Let’s talk about adaptability, it is the essential ingredient needed to make work at sea possible. I don’t care if you grew up on the water, have been published all over the world or have the sexiest sea legs in town. If you can’t adapt--forget it. The sea is moody, smooth as glass one minute and churning like a Vitamix blender the next. Tools that work on land decide to take a vacation at sea, can ya' blame em’? Theories fall apart, tested ideas don’t play out as planned, and equipment WILL break. I have seen challenges arise that the best think tank in the world would have missed. All of this, after, you begin your day by adjusting your walk to the ever changing motion.
If I sound like I am complaining, let me clarify. I am amazed. From my few dances with science I found it to be exempt from the flaws of other crafts. Everything is always perfectly measured out, perfectly fit, perfectly…flawed. You don’t know what you will find out here. My own equipment has kept me from the journalism that I take comfort in. I know images and sound, without a properly functioning microphone, I have had to focus on this evolving blog. I have had to ask for help…gasp!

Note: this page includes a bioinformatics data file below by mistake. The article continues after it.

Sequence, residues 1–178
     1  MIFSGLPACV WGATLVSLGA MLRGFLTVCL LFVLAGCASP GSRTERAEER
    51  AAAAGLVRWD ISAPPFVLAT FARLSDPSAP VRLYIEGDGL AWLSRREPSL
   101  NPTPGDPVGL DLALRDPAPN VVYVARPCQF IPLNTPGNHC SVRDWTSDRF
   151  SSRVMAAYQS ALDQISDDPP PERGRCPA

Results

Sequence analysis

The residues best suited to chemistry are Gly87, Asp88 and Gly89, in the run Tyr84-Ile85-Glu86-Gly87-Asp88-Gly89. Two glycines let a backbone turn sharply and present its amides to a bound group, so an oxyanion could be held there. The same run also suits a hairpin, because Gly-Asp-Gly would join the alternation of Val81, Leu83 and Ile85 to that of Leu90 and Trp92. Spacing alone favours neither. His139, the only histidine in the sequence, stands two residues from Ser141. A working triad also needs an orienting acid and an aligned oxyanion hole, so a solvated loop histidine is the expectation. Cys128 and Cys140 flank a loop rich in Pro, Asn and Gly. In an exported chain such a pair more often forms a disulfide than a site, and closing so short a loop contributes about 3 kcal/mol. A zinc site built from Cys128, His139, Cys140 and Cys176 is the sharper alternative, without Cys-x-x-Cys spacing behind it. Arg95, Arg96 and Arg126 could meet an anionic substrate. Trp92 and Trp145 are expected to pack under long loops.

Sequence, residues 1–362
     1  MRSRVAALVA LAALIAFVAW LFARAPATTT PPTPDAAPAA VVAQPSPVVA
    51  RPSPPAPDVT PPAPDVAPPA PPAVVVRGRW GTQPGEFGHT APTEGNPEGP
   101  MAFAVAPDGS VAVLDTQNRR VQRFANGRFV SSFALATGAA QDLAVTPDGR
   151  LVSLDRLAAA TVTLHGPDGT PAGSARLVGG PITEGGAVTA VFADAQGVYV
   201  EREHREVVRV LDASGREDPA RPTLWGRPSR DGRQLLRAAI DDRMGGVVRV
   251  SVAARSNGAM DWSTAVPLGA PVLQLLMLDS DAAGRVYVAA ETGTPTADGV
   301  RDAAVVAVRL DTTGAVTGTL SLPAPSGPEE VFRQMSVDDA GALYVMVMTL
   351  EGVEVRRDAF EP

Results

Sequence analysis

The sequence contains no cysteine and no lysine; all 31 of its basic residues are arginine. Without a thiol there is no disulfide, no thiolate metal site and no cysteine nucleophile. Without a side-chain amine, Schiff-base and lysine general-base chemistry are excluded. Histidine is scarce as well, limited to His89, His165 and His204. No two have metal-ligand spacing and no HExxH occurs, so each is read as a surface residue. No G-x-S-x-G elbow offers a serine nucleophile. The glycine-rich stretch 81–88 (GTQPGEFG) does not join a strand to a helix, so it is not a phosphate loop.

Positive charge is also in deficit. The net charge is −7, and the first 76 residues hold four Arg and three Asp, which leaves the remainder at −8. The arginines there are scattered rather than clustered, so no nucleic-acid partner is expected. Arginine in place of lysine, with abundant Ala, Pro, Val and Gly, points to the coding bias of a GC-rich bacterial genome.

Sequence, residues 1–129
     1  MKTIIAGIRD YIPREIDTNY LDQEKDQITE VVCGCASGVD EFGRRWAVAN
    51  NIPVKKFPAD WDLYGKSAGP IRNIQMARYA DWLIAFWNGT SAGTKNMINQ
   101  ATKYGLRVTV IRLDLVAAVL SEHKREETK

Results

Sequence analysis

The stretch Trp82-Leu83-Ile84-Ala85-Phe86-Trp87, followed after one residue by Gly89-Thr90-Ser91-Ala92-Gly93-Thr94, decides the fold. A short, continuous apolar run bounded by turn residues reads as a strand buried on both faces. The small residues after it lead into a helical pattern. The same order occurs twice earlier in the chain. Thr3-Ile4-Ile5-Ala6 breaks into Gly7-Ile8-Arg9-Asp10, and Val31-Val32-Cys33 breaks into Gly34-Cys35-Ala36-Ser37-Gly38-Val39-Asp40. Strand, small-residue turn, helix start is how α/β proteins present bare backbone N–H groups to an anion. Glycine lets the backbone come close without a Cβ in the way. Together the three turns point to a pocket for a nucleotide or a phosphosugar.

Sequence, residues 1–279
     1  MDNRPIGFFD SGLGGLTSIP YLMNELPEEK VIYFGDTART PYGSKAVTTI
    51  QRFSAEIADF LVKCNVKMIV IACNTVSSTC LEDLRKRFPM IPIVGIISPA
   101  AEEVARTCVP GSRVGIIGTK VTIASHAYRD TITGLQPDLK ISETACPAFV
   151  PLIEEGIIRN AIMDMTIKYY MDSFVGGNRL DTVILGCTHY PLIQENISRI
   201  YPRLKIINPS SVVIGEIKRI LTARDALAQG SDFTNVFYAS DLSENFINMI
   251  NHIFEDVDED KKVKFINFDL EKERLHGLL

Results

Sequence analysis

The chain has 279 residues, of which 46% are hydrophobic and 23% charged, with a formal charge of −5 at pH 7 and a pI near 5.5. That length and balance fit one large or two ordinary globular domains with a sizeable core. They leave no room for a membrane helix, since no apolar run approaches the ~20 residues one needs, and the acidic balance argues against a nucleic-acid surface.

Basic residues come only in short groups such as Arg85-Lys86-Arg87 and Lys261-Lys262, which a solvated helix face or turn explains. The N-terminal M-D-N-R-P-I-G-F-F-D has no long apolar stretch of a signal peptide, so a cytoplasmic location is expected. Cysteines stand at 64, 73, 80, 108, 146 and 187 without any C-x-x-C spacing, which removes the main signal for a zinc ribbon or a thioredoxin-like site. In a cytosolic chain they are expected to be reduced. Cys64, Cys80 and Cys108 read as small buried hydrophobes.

Last night, the aerosol team, found their lab infiltrated by salty waters from a stormy night. The main lab is kept at a chilly 50 degrees to keep the integrity of samples alive. Scientists work in full winter gear for sixteen hours a day.
The internet is SLOW-but a blessing to have. Imagine preparing your dinner tonight while riding a seesaw! The chef, onboard, does it everyday.
There is no place for frustration, it just prolongs the path to a solution. Everyday, every hour, is about adapting. The excitement on the other end, of a problem solved, is worth every minute.
Oh, and that rainbow!
This link gives you an idea of how high the waves were Wednesday:
I love surprises, they give us the opportunity to dive into the unknown with unquenchable curiosity. I have never been at sea, for more than a day, and I certainly have never seen a floating lab at work. The mission is the North Atlantic Aerosols and Marine Ecosystems Study (NAAMES). This blog is not about the science as much as the people behind it. I will leave the science discoveries to the 32 bright minds onboard. So how does a floating lab work? Let's figure it out together.